I got a sneaking sense throughout Fabrice Du Welz's second feature film that much of the "horror" might be of the xenophobic, funny-looking-locals variety, but in the end there's more to the film than that. It's solid in its themes, drenched in atmosphere, and boasts two powerhouse performances.
The story concerns a pre-middle-aged couple, played by Rufus Sewell and Emmanuelle Beart, who lost their son in the 2004 mega-tsunami. Jeanne is convinced that Joshua is still alive, in Burma. Paul isn't so sure, but goes along with the idea, out of love for his wife. They soon find themselves being ferried between obliterated coastal villages, funds dwindling, hope dwindling.
What ensues is an intense psychological drama, with elements of horror. It becomes clear that Paul and Jeanne have distorted their shared memory of their son. He becomes a corrupting element in their relationship; an object to be possessed, if only one parent can prove that their grief, and thus their love, is greater.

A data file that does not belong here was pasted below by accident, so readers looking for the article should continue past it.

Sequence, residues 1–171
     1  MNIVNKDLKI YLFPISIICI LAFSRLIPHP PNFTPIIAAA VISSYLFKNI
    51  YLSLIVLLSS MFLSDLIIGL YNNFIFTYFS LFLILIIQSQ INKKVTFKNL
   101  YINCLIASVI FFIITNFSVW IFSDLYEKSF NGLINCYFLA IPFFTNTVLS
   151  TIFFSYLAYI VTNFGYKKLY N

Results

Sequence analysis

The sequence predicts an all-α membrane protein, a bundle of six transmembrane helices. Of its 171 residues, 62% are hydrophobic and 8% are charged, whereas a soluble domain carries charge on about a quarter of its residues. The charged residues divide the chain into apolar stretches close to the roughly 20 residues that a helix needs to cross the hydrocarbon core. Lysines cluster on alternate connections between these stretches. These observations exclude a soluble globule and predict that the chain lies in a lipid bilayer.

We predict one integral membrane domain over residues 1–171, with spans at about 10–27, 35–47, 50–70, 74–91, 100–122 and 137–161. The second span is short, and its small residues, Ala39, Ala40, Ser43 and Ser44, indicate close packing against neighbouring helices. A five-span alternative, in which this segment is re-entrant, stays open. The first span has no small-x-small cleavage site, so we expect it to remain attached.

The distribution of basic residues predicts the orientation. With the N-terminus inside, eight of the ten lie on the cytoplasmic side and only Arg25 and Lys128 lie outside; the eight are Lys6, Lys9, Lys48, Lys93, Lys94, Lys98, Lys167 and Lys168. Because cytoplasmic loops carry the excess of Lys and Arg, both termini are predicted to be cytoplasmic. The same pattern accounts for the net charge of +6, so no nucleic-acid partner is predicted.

Paul and Jeanne, a haunted, mixed-nationality couple, stumbling through an alien culture, never fully emerge from the long shadow of Nicolas Roeg's Don't Look Now, but Vinyan has some ideas of its own. The Lord of the Flies-esque final sequences are particularly memorable and distressing, archetypal in their menace, and throughout Du Welz is imaginative in his manipulation of sound and image to increase our dis-ease.
In a sense, this is torture porn for the psyche, rather than the soma. The mental breakdown of both man and wife is protracted and uncomfortable; extreme and occasionally implausible, although never silly. Always, the spectre of grief looms, so it's hard not to feel for the characters - something that many modern horror movies cannot claim.
P.S. The Blu-Ray transfer on this movie is poor, so I would recommend the DVD.